Objective: Although a relatively large body of research has now accumulated concerning the relation between negative life events, social support, and major depressive disorder (MDD), little is known about the relation between seasonal affective disorder and these psychosocial variables. This study aimed to compare baseline levels of negative life events (NLEs) and perceived social support (SS) in patients with seasonal and nonseasonal depression.
Method: Canadian patients with winter seasonal affective disorder (SAD) (n = 26) and nonseasonal recurrent MDD (n = 66) completed measures of recent NLEs (the List of Threatening Experiences) and perceived SS (the Social Support Survey) prior to treatment.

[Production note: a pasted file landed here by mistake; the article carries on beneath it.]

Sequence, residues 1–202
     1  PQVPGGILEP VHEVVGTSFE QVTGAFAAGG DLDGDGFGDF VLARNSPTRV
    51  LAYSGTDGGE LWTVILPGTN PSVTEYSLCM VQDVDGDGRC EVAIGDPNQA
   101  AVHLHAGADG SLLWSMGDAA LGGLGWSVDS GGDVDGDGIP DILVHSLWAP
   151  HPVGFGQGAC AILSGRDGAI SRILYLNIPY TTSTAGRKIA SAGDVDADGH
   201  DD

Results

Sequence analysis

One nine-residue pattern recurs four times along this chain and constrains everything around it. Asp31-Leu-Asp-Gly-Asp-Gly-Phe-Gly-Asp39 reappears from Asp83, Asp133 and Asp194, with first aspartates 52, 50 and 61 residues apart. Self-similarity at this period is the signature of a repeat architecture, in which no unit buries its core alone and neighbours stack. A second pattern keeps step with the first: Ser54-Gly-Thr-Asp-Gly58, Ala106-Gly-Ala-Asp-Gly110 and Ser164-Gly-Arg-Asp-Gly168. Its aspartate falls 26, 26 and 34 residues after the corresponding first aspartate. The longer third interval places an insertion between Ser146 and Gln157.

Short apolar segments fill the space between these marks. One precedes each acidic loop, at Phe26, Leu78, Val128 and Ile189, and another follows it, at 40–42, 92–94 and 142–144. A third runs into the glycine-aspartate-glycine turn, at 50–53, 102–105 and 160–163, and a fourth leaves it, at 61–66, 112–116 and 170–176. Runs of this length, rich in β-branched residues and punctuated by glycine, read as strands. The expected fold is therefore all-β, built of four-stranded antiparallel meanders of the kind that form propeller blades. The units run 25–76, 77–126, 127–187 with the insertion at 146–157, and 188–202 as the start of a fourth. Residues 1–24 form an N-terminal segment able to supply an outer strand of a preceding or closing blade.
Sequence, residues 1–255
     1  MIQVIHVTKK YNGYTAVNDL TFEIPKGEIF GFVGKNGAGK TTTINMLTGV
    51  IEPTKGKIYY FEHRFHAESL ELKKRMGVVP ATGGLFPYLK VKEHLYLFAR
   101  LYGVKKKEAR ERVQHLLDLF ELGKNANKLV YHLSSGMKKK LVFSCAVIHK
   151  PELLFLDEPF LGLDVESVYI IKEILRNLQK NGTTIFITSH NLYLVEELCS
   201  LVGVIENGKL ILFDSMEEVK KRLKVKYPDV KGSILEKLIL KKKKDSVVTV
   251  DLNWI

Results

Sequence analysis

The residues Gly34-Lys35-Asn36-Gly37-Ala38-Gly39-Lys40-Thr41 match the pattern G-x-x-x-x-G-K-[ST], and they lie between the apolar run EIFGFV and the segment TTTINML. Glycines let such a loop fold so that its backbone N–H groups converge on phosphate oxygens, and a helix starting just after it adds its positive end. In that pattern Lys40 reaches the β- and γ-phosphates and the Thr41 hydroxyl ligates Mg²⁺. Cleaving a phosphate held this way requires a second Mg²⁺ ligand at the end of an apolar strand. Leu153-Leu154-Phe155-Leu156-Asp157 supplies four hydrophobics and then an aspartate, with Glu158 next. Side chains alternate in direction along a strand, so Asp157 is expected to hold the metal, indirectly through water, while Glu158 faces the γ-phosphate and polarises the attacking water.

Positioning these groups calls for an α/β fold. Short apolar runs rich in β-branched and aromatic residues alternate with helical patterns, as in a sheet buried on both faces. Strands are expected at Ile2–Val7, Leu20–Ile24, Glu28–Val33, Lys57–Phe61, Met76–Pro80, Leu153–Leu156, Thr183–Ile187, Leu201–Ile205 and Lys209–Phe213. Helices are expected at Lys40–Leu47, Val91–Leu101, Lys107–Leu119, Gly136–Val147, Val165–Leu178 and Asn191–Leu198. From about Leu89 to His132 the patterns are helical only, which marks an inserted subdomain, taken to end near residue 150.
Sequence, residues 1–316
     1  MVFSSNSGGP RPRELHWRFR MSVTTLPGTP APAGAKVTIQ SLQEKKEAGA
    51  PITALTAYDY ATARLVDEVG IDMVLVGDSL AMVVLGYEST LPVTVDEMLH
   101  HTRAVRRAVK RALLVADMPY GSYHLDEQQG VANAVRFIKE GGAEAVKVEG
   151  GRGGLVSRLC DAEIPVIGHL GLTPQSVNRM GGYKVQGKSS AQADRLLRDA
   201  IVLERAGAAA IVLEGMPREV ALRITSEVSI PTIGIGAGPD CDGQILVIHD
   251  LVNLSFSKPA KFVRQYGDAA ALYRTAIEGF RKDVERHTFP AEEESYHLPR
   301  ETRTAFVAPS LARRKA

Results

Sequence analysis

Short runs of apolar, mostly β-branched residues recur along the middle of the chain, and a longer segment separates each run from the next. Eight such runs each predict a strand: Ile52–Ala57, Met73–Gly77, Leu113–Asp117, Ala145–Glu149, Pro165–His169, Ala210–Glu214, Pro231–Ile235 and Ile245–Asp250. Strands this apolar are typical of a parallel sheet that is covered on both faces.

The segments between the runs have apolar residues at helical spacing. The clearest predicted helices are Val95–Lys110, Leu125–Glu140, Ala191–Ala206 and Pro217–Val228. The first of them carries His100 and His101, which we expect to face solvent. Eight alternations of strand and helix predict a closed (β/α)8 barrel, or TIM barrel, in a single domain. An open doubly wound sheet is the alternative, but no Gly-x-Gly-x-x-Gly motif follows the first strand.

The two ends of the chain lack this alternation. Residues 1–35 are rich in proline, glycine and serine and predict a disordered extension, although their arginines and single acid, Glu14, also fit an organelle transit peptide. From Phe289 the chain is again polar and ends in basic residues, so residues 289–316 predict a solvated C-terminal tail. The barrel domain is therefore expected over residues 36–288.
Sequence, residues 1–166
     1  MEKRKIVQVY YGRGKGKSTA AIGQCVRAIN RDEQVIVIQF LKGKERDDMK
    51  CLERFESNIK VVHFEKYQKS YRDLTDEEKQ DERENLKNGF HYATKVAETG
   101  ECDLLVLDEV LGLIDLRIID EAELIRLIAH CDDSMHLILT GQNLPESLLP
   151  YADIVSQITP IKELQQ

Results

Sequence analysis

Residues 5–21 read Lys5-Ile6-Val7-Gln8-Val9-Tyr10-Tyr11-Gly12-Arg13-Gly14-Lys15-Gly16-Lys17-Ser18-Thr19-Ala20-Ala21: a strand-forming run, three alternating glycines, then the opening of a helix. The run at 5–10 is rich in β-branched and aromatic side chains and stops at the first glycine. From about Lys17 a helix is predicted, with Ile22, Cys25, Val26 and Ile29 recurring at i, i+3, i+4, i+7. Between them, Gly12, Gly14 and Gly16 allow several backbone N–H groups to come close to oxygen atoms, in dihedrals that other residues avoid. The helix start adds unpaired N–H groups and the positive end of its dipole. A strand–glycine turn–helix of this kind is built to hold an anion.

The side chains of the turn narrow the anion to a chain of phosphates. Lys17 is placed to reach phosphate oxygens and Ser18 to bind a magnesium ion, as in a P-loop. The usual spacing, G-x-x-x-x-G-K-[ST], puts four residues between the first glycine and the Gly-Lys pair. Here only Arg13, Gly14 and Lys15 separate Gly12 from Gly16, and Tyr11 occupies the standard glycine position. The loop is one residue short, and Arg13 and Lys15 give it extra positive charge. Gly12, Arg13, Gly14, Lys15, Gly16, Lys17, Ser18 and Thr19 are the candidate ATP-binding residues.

Results: No significant between-group differences were observed in mean number of NLEs experienced or in quality of SS. Perceived SS was impaired in both groups, compared with patients with chronic medical conditions.
Conclusions: The results of this study complement those of previous research reporting increased incidence of NLEs and decreased SS in primary care patients with high seasonality in the UK. Future research is required to determine the causal relation between these psychosocial risk factors and SAD and to assess whether they have an effect on, or are affected by, treatment interventions for SAD.